I want to use some new bar molds I've bought to include caramelised nuts and other inclusions and I want to have a professional appearance with the nuts enclosed within the bar and the shell smooth. I've molded them as i would a bonbon so that there is a shell of chocolate, then dropped nuts into the shell before filling with chocolate. My problem with that is that when I then cap them off it looks messy and 'homemade', for want of a better word, because of the nuts. I also can't use whatever is scraped off as I can't return it to the tempered chocolate (as there are nuts within it), so I'm left with lots of waste. I've also found that the bars tend to curve slightly out of the molds when I fill them so that I can't even scrape them clean within the mold.
Are there any obvious ways of sorting this out? I could just fill the molds and drop the nuts in at that point but I like the idea of not having any of the inclusions showing.
Thanks in advance,
Our complete range of tempering machines has been upgraded to the 'New Generation' where you can work with inclusions in the chocolate.
I don't see any mention of the ability of your "new generation" of machines to handle inclusions. Can you please let the community know what the maximum size of inclusions your machines can handle (in mm) and what the max percentage of inclusions that can be handled (ratio of chocolate to inclusions) and of the inclusions are handled both with the measured depositor and with the depositor plates.
I don't really mind too much your not actually answering Nick's question - but it is not okay just to post a link to an equipment vendor's site where the answer to the question is not immediately apparent.
I hope you understand.
I'm sorry, I did not realise that this information was not on the website. in the new generation of the tempering machinery we can put inclusions upto 2-3 mm. we can add 20% inclusions in the tank.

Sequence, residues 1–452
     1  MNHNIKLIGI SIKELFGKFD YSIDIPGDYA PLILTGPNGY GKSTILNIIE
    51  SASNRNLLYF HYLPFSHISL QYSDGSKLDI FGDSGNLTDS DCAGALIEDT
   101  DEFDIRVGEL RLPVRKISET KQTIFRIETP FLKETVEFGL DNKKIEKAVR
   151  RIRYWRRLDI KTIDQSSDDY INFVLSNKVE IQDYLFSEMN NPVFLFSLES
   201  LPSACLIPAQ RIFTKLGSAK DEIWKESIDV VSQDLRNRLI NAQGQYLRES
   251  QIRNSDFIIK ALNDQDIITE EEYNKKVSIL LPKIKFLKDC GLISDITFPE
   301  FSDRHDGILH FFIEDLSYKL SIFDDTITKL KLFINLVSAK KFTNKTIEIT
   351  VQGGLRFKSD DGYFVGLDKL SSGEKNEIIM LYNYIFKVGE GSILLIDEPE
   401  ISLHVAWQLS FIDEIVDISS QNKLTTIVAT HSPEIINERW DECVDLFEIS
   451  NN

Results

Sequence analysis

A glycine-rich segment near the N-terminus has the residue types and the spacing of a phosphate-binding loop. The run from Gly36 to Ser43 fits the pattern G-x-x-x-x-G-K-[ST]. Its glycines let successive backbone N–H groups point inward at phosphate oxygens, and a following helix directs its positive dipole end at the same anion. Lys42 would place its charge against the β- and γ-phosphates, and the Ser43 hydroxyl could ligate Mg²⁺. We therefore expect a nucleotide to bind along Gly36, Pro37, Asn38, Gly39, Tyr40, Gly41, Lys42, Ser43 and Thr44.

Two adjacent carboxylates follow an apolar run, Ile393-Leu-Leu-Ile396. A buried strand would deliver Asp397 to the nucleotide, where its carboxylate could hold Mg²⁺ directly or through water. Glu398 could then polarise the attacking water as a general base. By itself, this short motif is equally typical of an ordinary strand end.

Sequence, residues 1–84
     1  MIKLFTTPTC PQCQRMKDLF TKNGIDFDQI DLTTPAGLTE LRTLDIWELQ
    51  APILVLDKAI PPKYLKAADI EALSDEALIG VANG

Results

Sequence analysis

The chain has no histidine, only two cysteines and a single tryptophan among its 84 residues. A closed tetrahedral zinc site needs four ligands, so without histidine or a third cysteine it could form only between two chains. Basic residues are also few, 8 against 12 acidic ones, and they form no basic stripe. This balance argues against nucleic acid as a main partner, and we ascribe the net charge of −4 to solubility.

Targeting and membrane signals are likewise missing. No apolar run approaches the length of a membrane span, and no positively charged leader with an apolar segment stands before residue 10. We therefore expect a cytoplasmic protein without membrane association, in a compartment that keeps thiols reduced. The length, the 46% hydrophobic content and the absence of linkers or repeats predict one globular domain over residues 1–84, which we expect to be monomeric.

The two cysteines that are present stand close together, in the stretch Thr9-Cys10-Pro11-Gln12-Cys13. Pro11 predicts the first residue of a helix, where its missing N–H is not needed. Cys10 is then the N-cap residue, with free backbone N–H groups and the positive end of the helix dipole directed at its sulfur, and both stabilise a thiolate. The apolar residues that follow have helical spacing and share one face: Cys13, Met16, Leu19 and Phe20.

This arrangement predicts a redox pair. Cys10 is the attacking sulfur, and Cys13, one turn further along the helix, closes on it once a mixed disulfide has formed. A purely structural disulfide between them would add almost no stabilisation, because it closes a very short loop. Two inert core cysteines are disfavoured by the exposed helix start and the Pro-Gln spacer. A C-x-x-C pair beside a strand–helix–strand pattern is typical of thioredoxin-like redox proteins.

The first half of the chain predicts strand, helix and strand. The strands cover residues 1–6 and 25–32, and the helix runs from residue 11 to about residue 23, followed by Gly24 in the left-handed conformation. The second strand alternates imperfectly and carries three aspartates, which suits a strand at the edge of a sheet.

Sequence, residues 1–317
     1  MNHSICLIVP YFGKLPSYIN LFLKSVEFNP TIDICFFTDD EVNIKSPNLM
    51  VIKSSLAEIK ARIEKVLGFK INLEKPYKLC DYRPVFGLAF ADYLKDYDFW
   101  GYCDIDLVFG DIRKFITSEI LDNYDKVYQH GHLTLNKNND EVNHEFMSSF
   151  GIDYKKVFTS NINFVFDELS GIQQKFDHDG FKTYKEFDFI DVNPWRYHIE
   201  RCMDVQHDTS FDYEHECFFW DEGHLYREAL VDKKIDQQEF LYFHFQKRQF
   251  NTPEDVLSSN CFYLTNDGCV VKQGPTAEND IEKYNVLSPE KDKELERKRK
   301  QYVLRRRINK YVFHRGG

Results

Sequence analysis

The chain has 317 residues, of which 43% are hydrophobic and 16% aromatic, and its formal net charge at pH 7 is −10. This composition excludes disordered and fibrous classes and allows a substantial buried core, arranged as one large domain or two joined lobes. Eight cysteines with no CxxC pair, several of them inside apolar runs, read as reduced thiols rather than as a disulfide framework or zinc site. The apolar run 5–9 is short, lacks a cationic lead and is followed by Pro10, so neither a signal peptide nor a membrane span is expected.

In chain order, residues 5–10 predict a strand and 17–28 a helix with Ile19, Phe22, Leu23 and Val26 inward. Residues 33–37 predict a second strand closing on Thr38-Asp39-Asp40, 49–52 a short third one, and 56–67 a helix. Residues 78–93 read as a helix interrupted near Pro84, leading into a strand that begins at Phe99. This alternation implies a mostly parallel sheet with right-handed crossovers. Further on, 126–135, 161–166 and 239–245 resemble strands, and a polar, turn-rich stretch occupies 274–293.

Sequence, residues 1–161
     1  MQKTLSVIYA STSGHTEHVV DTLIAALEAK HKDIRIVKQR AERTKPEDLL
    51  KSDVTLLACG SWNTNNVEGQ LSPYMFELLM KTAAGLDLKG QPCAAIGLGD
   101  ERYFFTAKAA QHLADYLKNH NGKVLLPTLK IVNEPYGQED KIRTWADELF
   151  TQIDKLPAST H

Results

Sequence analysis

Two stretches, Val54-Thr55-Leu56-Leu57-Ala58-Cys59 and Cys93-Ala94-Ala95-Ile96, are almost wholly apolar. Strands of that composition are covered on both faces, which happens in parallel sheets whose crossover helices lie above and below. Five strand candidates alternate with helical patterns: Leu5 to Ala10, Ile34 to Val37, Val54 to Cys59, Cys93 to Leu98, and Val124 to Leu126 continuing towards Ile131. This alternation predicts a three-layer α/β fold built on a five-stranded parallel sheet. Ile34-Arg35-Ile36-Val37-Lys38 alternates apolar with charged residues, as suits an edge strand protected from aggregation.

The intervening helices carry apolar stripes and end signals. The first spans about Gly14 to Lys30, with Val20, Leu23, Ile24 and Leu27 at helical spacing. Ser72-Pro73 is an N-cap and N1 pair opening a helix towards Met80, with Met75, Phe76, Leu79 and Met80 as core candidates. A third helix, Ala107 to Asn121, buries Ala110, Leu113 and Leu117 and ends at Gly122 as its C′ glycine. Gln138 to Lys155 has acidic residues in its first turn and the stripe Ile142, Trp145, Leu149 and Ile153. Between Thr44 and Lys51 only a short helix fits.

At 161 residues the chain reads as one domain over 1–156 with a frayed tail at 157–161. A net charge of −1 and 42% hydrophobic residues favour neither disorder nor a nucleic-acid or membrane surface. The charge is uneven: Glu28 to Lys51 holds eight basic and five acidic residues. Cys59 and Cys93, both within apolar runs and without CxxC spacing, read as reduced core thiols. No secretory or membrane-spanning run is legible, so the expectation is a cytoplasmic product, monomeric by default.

We now also have an automatic moulding line for this so people can create bars, napolitains etc with inclusions. I think that this is big news for the market to share. No more mixing chocolate by hand with the inclusions in a bowl, just put them in the tempering machine and dose....
Regards to you Clay, good to hear you are well !
What sizes are the inclusions and what's the ratio of chocolate to inclusion? That'd help us understand better what you're working with and how we might be able to help you address your production challenges.
Assuming, of course, that you aren't looking to spend $20,000 to solve the issue.
Hi Clay, yes $20,000 is a little out of my price range!
My molds are 3/8ths deep and 90 grams in weight which allows for most inclusions to be added as the first layer of chocolate dries. Assuming they fit I can then add the remaining chocolate and scrape off the excess cleanly, leaving a nice, flat base (which is what I'm after). Most problems are caused by nuts - I can zap them in a blender but they then tend to come out too small and leave an insignificant taste and texture. But if they're too big then of course I can't scrape without losing some of the nuts back into the machine, which obviously I don't want to do. I've also tried to pour chocolate delicately into molds but find that, without scraping, the bars can have up to 20% more chocolate than the customer will be paying for. For now I'm individually cutting the inclusions by hand - be they nuts or dried fruit - which works ok but is very time consuming. The other way around it would be to allow the inclusions for poke out from the chocolate base but it makes the package looks lumpy and I'm not sure about shelf life if they aren't fully enrobed